I’m spending the week here in Stockholm working with the wonderful Royal Stockholm Philharmonic for concerts as part of the Anders Hillborg festival. I am so impressed by this organization devoting a serious, two week long festival to a living, Swedish composer. Anders’ towering picture is hanging between the columns in the facade of the concert hall–exactly where a contemporary composer should be, but so rarely seen.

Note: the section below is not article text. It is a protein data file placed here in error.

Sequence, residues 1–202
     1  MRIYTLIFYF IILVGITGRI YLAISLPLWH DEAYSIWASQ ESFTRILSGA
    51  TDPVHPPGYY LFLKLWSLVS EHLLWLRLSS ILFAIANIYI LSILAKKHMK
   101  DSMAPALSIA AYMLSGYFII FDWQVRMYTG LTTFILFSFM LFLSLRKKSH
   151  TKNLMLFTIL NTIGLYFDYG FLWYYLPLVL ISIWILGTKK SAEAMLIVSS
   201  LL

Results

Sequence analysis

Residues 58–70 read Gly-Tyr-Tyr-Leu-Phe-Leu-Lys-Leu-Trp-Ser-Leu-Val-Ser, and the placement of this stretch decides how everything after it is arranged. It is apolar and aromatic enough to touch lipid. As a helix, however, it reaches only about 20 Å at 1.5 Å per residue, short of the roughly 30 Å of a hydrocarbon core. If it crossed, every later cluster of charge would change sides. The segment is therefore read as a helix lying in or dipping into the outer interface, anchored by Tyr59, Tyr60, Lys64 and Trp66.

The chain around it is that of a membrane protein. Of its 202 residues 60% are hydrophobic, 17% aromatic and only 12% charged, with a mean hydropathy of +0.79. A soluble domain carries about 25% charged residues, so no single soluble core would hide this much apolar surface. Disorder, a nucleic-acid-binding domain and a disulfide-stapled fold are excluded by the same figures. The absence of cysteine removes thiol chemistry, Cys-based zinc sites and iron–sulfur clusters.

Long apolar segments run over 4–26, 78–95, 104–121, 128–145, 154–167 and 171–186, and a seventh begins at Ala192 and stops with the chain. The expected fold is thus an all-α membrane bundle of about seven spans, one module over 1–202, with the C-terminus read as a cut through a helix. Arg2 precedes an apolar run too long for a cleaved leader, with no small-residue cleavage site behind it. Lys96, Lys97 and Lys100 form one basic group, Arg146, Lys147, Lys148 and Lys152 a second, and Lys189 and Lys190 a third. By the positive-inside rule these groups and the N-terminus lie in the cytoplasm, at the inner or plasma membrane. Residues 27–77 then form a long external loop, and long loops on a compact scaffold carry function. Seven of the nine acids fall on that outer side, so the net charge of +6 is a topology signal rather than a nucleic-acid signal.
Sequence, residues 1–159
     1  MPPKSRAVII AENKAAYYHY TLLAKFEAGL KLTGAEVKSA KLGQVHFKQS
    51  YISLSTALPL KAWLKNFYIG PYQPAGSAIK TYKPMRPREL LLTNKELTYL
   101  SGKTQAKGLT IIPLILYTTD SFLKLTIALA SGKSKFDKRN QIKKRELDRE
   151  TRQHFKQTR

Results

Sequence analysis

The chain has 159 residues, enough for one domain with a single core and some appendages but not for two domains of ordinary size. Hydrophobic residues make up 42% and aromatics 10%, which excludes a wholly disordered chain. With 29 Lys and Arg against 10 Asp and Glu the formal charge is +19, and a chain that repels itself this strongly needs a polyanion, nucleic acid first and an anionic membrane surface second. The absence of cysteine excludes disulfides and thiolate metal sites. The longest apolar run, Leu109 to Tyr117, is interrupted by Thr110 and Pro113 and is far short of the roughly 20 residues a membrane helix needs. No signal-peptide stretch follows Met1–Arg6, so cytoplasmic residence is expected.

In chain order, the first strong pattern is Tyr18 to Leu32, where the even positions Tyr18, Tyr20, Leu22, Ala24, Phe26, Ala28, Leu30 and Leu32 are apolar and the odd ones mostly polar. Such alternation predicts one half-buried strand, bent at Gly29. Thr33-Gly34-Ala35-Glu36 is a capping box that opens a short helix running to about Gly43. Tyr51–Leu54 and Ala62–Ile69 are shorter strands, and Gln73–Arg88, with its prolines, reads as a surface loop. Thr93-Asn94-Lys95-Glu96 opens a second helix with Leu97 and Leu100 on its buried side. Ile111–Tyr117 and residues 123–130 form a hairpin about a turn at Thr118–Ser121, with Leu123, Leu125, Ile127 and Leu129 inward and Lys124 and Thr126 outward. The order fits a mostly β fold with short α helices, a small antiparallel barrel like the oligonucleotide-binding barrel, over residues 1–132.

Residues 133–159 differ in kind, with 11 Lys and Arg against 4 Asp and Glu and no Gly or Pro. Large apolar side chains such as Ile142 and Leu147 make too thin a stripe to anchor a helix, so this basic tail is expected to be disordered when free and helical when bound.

Anders’ music holds a special place for me in the lineage of composers working with popular music as source material–a legacy dating back from Mozart and Beethoven, through Stravinsky and Bartok, to our day with John Adams and Mason Bates. Hillborg draws specifically from the electronic music studio–but not the electronic music studio of Stockhausen–more the electronic studio of the Beatles and Brian Eno. There are numerous electronic effects that Hillborg translates into live instrumental techniques, like running a tape backwards as he does in his pieces, Eleven Gates, Cold Heat, and Kongsgaard Variations. Another source of inspiration is various delay effects as one hears in Peacock Tales and the Brass Quintet. But my all time favorite is what he calls “twisted spectra” where the attacks of notes are removed so that we are left with unplaceable waves of tone modeled after natural harmonic spectra but convoluted into unnatural forms. This is most amazingly applied in Cold Heat. When we played this for the first time in Wroclaw, a cellist from the orchestra who was listening to the concert told me that as he listened in disbelief–“I thought my head was melting!”